70's gritnik cinema doesn't get much better. Pure tautness. Imagine Sam
Peckinpah had done this, or John Boorman, or that it starred one of the
many young upstarts of New Hollywood; it would've been one of the
classic movies we referenced from this era, that's for sure.
Alas it had none of those things. But it wasn't a drive-in smash hit for no reason either and as much as high brow critics would dismiss the regular love-pit crowd as easily pleased or what have you, the truth is Macon County Line is an all around accomplished movie that is almost too good to be classified as exploitation. Or the kind of hicksploitation you find in movies like Gator Bait.
What starts as an amusing "boys just wanna have fun" road movie soon turns into a tight, gripping thriller but not without stopping to sample some of the local Lousiana colour first. The economy in the story is incredible, there's no frame wasted, nothing that doesn't propel the story forward or build mood or characters. The direction is confident, without highfallutin auteur-ism but with an efficiency and energy that suits the material.
What really elevates Macon is the superb cast. Names and faces I've never seen before but they're all perfect in their roles, understated and emotional in just the right measure and true to the characters they're supposed to be playing without becoming self-conscious caricatures of themselves. Even the backwoods mechanic carries an authenticity, a sense that you're watching a real person and that such people do exist.
Which brings me to another major success for the movie. It presents and inhabits a real world with real characters that have lived their lives there. The real locations and unknown cast sure help a great deal but so does the story, dialogues and actor interplay. We get a vision of the graphic South without the self-conscious quirks the Coens used in Raising Arizona or Oliver Stone in U-Turn, both great movies but still "artificial" in how they depict life.
Tightly edited, beautifully photographed, with cool music and a fine-tuned screenplay, memorable performances and an unexpected ending, Macon County Line justifies its cult status and drive-in success 30 years down the line and belongs in the very elite company of gritnik gems like Two-Lane Blacktop and Bring Me the Head of Alfredo Garcia.
You can always be guaranteed a good time with seventies American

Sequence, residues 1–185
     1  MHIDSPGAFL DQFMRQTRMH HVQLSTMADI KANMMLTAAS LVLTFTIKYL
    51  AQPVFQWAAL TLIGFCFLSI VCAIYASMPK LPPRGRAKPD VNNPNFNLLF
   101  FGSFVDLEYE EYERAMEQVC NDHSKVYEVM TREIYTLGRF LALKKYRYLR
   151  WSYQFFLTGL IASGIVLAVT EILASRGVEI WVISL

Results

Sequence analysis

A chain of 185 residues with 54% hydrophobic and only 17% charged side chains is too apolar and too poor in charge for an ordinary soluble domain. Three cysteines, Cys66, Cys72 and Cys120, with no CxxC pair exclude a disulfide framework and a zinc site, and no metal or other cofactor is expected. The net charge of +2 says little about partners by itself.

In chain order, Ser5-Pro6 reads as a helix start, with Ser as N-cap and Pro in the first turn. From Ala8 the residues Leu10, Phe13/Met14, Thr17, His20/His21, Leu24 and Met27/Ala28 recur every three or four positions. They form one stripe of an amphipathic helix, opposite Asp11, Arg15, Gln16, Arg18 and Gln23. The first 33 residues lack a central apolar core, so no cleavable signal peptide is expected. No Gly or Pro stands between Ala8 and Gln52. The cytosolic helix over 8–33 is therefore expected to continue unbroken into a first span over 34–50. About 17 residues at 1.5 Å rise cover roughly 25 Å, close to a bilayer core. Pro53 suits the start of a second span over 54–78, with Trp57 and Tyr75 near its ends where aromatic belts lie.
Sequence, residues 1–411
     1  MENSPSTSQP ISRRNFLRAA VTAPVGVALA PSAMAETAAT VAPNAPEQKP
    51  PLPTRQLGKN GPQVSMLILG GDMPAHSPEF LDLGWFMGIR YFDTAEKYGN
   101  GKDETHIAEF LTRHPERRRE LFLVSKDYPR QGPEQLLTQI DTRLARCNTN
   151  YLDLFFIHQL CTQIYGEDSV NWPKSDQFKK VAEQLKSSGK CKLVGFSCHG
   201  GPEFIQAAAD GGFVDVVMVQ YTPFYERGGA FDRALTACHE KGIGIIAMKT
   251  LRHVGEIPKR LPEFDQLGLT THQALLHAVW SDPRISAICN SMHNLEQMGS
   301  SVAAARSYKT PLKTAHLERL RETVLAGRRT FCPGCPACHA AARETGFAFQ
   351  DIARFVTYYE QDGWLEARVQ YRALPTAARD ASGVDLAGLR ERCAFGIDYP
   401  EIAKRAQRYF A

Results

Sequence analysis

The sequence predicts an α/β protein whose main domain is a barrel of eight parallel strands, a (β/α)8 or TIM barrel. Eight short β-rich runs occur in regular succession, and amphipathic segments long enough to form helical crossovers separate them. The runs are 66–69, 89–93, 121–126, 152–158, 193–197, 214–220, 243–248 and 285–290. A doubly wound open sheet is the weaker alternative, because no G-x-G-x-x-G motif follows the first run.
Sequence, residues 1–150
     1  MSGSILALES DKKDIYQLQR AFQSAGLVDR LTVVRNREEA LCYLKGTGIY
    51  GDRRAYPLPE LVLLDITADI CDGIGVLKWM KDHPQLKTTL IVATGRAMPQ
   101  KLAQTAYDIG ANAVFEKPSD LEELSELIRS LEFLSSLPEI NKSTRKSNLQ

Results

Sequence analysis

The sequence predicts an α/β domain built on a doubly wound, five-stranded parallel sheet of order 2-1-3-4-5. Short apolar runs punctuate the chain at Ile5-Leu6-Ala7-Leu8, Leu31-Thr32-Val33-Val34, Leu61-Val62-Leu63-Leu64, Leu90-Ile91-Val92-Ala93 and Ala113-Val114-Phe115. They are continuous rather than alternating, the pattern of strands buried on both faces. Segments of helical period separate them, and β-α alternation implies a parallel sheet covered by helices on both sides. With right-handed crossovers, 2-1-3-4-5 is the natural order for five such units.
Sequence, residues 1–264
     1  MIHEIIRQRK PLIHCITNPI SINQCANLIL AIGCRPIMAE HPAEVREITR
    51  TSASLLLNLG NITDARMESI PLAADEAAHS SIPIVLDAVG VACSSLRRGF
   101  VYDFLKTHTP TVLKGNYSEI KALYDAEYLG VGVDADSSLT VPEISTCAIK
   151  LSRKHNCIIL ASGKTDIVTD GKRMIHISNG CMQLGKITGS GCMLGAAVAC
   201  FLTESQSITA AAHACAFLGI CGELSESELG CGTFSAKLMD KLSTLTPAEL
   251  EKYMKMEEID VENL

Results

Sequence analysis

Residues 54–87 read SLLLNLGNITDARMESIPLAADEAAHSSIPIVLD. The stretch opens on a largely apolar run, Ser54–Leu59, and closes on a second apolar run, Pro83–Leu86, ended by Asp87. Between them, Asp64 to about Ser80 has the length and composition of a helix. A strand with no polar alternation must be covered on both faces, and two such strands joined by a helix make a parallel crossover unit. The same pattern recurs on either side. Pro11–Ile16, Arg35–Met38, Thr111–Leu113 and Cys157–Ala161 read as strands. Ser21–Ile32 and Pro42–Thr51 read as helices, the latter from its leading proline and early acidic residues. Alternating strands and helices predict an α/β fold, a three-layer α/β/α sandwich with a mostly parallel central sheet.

exploitation flicks; and Macon County Line is not only no exception to
that rule; it stands tall as one of the best films of its type! Macon
County Line was apparently a big hit in its day and then promptly
forgotten - which is a shame. The film is a winner thanks to some easy
to like characters, a constant stream of entertainment, some witty
dialogue and a serviceable helping of gritty violence - you really
couldn't ask for much more from a film like this! The film takes place
in the fifties and the plot focuses on two brothers driving through the
Deep South. They cause a bit of trouble and end up picking up a female
hitcher along the way before their car dies thanks to a dodgy fuel
pump. They manage to get it to a garage but can't afford to get it
fixed properly and so go for a bodge instead. While waiting for their
car to be fixed, they run into the local sheriff, who takes an instant
and unfair dislike to the group...
Unlike many films of its type, this one is not overly sleazy and if anything the tone of the film is light and breezy for most of the duration. The pace of the film is very relaxed for the first hour, although it remains entertaining thanks to the characters. Real life brothers Alan and Jesse Vint provide standout performances that bolster the film. The film does take a bit of a turn for the final third when the real antagonists turn up; we get a rape and murder scene and from there the tone of the film becomes rather darker, although the violence featured is never excessive. The pace of the film heats up too and the climax is fast and furious; and means more since we already like all the main characters by then. This film really does come highly recommended. It might not have a great deal of substance and the production values are not great (though certainly very good considering the obvious low budget) but it's good fun throughout and I'm sure that everyone who goes to the trouble of seeing this film will not be disappointed!
This is a great 1950's period piece movie. Similar in some ways to "The
Last Picture Show". Unfortunately, Macon County Line never received any
hype, and therefore has largely been forgotten. Too bad only 21 people
bothered to vote for this movie.
If you would like to time travel back to the 50's, and get a feel for the rural South, this is an enjoyable movie to watch.
I agree with many previous reviewers that this was an ideal drive-in
thriller movie and well suited to the era with it's colorful
cinematography of the picturesque South.
Max Baer better known as "Jethro", the jovial dim witted clown of the "Beverly Hillbillies" series shows how equally well he can play officious gun toting Deputy Sheriff Reed Morgan of a southern Georgia town, flaunting his obvious authority with others. When three teenagers arrive in his domain at a local service station with car trouble he immediately becomes suspicious and makes clear his anxiousness for them to leave his County as quickly as possible.